State legislators run to get bills passed before end of session
JEFFERSON CITY - The clock is ticking, and state lawmakers are working to get their bills voted on before the end of the general assembly Friday evening.
"There is a lot of individual members who have priorities that they want to see pushed," said Rep. Kip Kendrick (D-Columbia).
With the session coming to a close, the legislative agenda is subject to change.
"It's the final week of session, so a lot of things move that maybe weren't seen to be moving. Nothing is dead until 6:00 p.m. on Friday," said Kendrick.
One of the bills the legislature will work on is the federal reimbursement allowance for Medicaid. A sanction of that bill would generate more than one billion dollars in revenue for the state.
"It's made it out of the Senate, so that's up for a final House vote once we adopt the conference committee report. So that shouldn't be an issue, that we'll get passed," Kendrick said.
Kendrick added there could also be a transportation bill that would put a measure on the ballot for a gasoline tax increase.
"I suspect that we would amend the bill in the House to make it more favorable for a potential vote, should it go to a vote of the people," he said. "We would likely run out of time as a result of amending it, but it's possible, who knows, maybe the Senate would take it back up and pass it."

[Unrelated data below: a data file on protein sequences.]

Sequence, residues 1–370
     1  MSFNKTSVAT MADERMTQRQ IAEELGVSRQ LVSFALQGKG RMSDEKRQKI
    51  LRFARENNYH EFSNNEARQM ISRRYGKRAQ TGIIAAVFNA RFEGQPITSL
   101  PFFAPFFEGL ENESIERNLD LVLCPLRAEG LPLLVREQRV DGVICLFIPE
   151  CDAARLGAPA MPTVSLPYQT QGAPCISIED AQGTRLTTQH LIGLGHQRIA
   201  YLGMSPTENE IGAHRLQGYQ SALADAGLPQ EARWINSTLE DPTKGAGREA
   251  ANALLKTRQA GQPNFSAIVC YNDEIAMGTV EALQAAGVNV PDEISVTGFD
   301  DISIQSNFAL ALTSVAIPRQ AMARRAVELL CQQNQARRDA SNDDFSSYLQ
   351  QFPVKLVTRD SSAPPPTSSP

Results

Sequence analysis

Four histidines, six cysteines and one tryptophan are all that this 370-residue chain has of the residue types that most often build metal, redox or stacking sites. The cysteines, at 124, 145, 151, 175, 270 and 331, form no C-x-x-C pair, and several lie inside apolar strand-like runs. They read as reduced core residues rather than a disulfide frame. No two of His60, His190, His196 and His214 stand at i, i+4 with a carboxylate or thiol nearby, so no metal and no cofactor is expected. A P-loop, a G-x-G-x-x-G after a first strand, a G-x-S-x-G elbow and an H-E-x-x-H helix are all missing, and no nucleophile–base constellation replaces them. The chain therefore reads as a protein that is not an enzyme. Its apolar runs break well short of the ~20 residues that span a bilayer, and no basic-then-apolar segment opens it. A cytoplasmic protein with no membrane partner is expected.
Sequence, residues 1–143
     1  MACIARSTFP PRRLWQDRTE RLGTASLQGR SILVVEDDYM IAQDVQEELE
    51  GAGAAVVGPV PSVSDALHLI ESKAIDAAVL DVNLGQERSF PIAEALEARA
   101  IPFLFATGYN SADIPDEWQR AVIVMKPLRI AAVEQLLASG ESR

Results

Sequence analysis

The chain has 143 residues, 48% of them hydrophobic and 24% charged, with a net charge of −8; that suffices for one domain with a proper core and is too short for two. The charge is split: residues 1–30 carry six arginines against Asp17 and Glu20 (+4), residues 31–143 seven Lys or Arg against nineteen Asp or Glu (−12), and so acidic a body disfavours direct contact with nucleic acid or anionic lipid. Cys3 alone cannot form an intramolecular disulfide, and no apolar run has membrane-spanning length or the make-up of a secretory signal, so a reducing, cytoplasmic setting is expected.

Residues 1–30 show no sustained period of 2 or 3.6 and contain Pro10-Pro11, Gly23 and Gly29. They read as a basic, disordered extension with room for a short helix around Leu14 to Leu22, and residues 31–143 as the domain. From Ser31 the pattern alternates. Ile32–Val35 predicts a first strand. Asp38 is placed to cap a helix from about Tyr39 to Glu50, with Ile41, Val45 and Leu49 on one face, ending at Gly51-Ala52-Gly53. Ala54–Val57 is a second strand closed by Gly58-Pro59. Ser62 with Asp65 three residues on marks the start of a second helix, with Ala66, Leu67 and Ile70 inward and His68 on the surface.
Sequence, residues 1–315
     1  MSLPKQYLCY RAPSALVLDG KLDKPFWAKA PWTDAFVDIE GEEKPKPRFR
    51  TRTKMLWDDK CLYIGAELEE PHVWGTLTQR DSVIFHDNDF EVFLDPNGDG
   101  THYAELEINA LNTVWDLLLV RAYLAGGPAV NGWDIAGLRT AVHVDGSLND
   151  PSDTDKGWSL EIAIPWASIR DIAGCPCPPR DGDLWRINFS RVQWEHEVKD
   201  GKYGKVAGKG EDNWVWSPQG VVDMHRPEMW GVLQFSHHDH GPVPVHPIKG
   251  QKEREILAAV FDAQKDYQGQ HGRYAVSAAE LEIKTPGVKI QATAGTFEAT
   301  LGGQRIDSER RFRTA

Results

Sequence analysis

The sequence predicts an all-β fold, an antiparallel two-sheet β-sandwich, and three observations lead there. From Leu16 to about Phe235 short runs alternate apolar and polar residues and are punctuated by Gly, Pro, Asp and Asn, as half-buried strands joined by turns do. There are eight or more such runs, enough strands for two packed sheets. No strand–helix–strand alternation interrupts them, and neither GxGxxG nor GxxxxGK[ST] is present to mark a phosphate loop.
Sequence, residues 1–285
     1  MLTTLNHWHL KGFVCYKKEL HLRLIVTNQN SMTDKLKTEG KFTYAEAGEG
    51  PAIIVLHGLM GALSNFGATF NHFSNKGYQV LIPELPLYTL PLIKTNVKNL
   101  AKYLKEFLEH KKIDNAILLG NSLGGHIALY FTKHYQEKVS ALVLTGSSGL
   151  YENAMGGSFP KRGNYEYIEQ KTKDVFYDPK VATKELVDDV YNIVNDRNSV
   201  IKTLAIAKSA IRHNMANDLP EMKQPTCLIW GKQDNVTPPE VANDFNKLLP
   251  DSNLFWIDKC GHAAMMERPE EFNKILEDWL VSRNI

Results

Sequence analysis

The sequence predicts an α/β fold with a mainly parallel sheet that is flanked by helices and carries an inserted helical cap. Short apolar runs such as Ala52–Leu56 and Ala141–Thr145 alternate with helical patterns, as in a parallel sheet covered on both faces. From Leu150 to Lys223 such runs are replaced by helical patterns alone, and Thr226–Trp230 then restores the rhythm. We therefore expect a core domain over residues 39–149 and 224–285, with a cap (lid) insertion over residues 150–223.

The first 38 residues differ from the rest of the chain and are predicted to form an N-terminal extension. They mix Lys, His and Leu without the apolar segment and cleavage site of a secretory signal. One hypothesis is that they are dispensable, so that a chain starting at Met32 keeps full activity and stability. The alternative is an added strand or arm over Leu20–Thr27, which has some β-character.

Rep. Sara Walsh (R-Ashland) also said the general assembly needs to work on the bill that would increase funding for transportation.
"One thing that I've heard all throughout the district is the importance of our roads and the road conditions," she said. "What we would vote on, and it would go to a vote of the people, would be a 10 cents gas tax increase."
Kendrick said in the final days of the 99th General Assembly legislators should create alliances to get the work done in time.
"It's pretty critical at this point, coming down to the final week, to have strong allies, strong support both from state as a large to push the priorities further, but also making sure the alliances are pushing both in the House and the Senate," he said.
Walsh has already starting thinking about bills to bring to the legislature next year.
"One thing I am going to work on next general assembly, that didn't quite make it through this session, would be a fire safety fund bill, working with the Missouri Department of Public Safety," she said.
The 100th General Assembly will start in January 2019 when legislators will have the chance to file again any of the bills that do not get voted on during the current legislative session.